Movie Review: Abraham Lincoln: Vampire Hunter!


Great story, but I would think that the viewer must have some understanding of Civil War history to understand the goings-on with the film.

If you don’t know who Harriet Tubman is and the Underground Railroad, or Jefferson Davis, or Stephen Douglas, you might struggle through this story.

We meet young Mr. Lincoln as a boy, whose mother is killed by a vampire. At his mother’s grave, he resolves to kill the guy, not knowing that he is part of the undead.

Lincoln meets a man who claims to know how to get revenge, teaches him in the ways of whipping around an axe until it goes faster than the eye can follow. Lincoln also learns martial arts moves and runs up walls so he can jump down and swing faster.

Obviously one rolls one’s eyes, since martial arts was basically unknown in American society in the mid-19th century.

Still, it’s fun seeing the vampires get together to create a nation of their own, complete with a 5000 year old vampire who supports the South, so the slaves can be a constant source of blood for them. Yikes!

An ocean of horses, as a vampire runs and jumps from horse to horse, and breaks a few of the animals’ necks as he is chased by Honest Abe. No animals were hurt, since the CGI horses cannot be killed. But wow, so realistic!

The story is even better when we get to Abe stumping for president. When we see the guy before a mighty (CGI) crowd, giving his Emancipation Proclamation (look it up!) it is an amazing thing.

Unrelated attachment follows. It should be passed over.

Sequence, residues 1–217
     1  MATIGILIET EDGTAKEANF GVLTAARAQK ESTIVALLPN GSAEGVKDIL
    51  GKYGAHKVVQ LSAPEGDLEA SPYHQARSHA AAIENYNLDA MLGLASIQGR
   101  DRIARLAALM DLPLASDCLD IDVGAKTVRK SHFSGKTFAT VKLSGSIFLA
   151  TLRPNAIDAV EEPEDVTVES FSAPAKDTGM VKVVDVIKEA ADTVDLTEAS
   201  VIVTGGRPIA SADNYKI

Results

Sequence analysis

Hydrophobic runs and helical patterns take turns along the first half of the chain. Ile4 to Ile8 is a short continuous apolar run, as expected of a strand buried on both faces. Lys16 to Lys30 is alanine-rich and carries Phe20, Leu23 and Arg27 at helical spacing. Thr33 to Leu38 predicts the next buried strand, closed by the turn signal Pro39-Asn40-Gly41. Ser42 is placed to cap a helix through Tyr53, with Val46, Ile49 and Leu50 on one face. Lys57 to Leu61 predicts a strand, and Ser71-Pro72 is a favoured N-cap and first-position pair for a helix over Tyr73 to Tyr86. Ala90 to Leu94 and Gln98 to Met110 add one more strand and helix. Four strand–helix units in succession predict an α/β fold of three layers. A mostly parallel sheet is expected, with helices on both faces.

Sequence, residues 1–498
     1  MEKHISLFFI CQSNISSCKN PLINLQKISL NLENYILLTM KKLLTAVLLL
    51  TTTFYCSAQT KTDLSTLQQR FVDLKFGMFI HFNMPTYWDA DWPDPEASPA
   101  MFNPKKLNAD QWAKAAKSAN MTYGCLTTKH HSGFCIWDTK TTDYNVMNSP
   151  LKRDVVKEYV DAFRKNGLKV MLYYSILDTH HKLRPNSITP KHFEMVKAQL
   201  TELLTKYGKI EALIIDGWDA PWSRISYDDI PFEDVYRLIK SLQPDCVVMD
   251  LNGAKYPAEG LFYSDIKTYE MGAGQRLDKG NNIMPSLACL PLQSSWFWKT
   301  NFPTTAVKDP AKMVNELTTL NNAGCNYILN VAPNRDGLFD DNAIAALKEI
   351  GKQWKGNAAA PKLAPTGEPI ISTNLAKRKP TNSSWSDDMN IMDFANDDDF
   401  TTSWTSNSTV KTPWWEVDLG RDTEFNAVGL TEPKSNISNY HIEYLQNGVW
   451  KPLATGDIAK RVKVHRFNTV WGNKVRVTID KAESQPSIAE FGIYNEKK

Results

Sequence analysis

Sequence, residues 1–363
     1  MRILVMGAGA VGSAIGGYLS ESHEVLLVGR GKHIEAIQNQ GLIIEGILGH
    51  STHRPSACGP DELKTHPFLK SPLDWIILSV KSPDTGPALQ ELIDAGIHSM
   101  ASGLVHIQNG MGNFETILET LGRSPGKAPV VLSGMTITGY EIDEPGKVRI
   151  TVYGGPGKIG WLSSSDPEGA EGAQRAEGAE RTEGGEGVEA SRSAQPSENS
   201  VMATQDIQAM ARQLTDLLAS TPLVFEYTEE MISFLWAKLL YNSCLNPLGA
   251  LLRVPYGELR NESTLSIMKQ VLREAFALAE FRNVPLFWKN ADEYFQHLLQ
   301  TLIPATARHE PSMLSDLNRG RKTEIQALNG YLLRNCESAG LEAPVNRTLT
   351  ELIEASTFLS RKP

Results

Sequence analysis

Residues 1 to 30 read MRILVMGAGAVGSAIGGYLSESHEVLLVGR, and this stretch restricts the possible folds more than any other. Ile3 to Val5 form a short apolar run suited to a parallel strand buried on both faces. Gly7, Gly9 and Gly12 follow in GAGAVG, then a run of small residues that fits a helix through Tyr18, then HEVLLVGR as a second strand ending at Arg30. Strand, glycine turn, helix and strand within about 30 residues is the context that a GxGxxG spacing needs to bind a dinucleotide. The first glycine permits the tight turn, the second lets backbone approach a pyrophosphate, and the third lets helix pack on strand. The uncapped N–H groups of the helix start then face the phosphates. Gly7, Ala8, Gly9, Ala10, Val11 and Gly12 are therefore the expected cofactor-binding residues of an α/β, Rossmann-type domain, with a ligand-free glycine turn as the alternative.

Tim Burton helped produce this one and it shows with the crazy imagery and the horrific attacks by the vampires.

Abraham-Lincoln-Vampire-Hunter-desktop-wallpaperHistoric Perspective:

Yes, little Willie Lincoln did die at 11 years, though I’m doubtful it was by a vengeful vampire back from Abe’s youth to wreak havoc on his family.

Yes, the Union had a hard time at Gettysburg, though I doubt it was because of vampires being indestructible to lead bullets, nor that getting silver bullets and silver cannonballs turned the tide of war.

If there was a 5,000 year old vampire who witnessed the Jews being slaves to Egypt, why did it take Adam so dang long to get a following and a nation? You’d think after the first 2000 years he might get bored or something. Oh well.

Bottom Line:

The film is gory, horrific and a lot of fun. If you’re a Civil War enthusiast, you’ll have a lot more fun pointing out inaccuracies and such or even understanding the puns and humor of the tale.

I enjoyed the special features too, though the meeting of Lincoln and Poe and such were stretching it a bit.

 Cast & Crew:


Timur Bekmambetov    Director, Producer

Jim Lemley    Producer

Tim Burton    Producer

John J. Kelly     Executive Producer

Michele Wolkoff     Executive Producer

Seth Grahame-Smith     Executive Producer, Book Author, Screenwriter


Benjamin Walker as Abraham Lincoln, a secret vampire hunter, who serves as the 16th President of the United States and the main protagonist.

Dominic Cooper as Henry Sturges, Lincoln’s mentor in vampire hunting, a former vampire hunter, and a vampire who lost his wife and humanity to vampires.

Anthony Mackie as William Johnson, Lincoln’s earliest and closest friend.

Curtis Harris as Young Will

Mary Elizabeth Winstead as Mary Todd Lincoln, Lincoln’s wife.

Rufus Sewell as Adam, the powerful leader of an order of vampires .

Marton Csokas as Jack Barts, a plantation owner and the vampire who killed Lincoln’s mother.



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